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4.7 out of 5 stars
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on August 14, 2005
If you are new to Angelique Kidjo then this is the best introduction to her range and power, spanning the wide spectrum of her styles from her African roots to more European/American influences. If you are new to African music, this is an easy introduction, and if you have other of her albums you'll want to add this.

My only complaint - it was released before Black Ivory Soul, so doesn't include her more Brazilian music, which I love. Her voice is astonishing, her talent unique. I was lucky enough to see her live in Santa Cruz California a couple of years back and she could have filled the auditorium with her voice alone, without the aid of a microphone. She is one of those rare people who truly can sing astonishingly well. She blew me away.
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on May 16, 2001
If you haven't had the pleasure of hearing this renowned world beat artist, this 74-minute anthology is the place to begin! Angelique's music manages to mix contemporary dance rhythms into African pop, with the sum coming out equal or greater than it's parts! Even amid the provocative, eclectic arrangements Kidjo's voice stands out, able to ride the uptempo rhythms and project the ballads with equal confidence and conviction.
Tracks from all five of her albums are included, plus a remarkale version of Gershwin's SUMMERTIME. There is a lot of variety within the chosen tracks, including softer performances (e.g., MALAIKA, NAIMA), a variety of danceable rhythm cuts, a couple of guest stars (Kelly Price, Santana), and even a unique cover version of VOODOO CHILD that sheds new light on the Jimi Hendrix classic. A highly recommended overview of a unique, original artist! It's a tribute to her talent that a number of excellent tracks didn't make it onto this CD (I wish her duet with Cassandra Wilson was included), but those that did are as good a cross-section of her career as one will find!
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VINE VOICEon June 15, 2002
Angelique Kidjo was primarily influenced by the like of Jimmie Hendrix, Santna, Miriam Makeba, James Brown, fela kuti, The Beatles, and Aretha Franklin; her music styles encompass afro-funk, reggae, samba, salsa, gospel, jazz, Zairean rumba. All in all, though, she emerges strong African, Afro-American, and Afro-European.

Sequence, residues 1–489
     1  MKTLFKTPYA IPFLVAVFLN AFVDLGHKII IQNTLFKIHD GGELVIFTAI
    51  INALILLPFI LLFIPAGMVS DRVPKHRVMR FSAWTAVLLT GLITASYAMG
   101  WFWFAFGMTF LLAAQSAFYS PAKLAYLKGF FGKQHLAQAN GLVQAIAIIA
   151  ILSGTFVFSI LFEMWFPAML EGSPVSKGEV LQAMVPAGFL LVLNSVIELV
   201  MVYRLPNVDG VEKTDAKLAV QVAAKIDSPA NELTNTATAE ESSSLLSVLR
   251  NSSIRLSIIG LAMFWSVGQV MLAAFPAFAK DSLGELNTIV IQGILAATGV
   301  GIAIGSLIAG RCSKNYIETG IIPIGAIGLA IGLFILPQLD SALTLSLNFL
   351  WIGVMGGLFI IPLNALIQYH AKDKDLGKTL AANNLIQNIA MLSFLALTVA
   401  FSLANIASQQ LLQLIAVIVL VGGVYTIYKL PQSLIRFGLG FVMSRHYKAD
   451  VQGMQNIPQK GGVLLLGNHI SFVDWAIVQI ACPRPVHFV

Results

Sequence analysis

This album of her best opens with "Summertime". Yeah, big deal, you might think, like how many versions of "Summertime" do you probably have in your collection. But I'll wager that none of them touch this version. She states that she never sings a song she doesn't love, that doesn't become her own, and that's sure true with this tried and true standard. Then comes her version of Jimmy Hendrix' "Voodoo Child (Slight Return)", paying homage to one who greatly influenced her from childhood. Other standouts among her best ever are "Botonga", "Womba Lombo", the softly beautiful & almost fragile "Malaika", "Open Your Eyes" (duet with Kelly Price)
The most beautiful and touching ones, IMHO, come in a group: "Naima" with Carlos Santana (Another powerful influence in her music), "Tournier La Page", "Babalao", and "Agossi". I have no intention of slighting the other numbers here, but these are my very favorites.
If you haven't heard this songstress, I sure as heck suggest you give her a try. I do not believe you will be sorry.
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on November 19, 2001
Angelique Kidjo's warm voice and Afropop sensibilities make this one of the best World Music albums you can find this year. Summertime, however, just blew me away the first time I heard. It is probably the best non-English adaptation of a classic American standard that I have ever heard. All other versions seem pretty tame. I also love Wumba Lumba [sic?], if only just to sing along to it.
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on June 29, 2004
Toni Morrison uses the phrase "New World African Woman" in describing the rich diaspora of those of us w/African roots across the globe. I think that term is so fitting of Angelique Kidgo and her music. Believe it or not, I learned of Ms. Kidjo through reading a novel but my love of this CD is all real.
Her rendition of Summertime is like no other you've heard before. My other favorites are Open Your Eyes featuring Kelly Price and Naima featuring Carlos Santana. Although most of the CD is in French or her native African tongue, you'll be singing along with each track in no time! Regardless of the language, one can still feel the message in her music. I patiently await Ms. Kidjo's next release!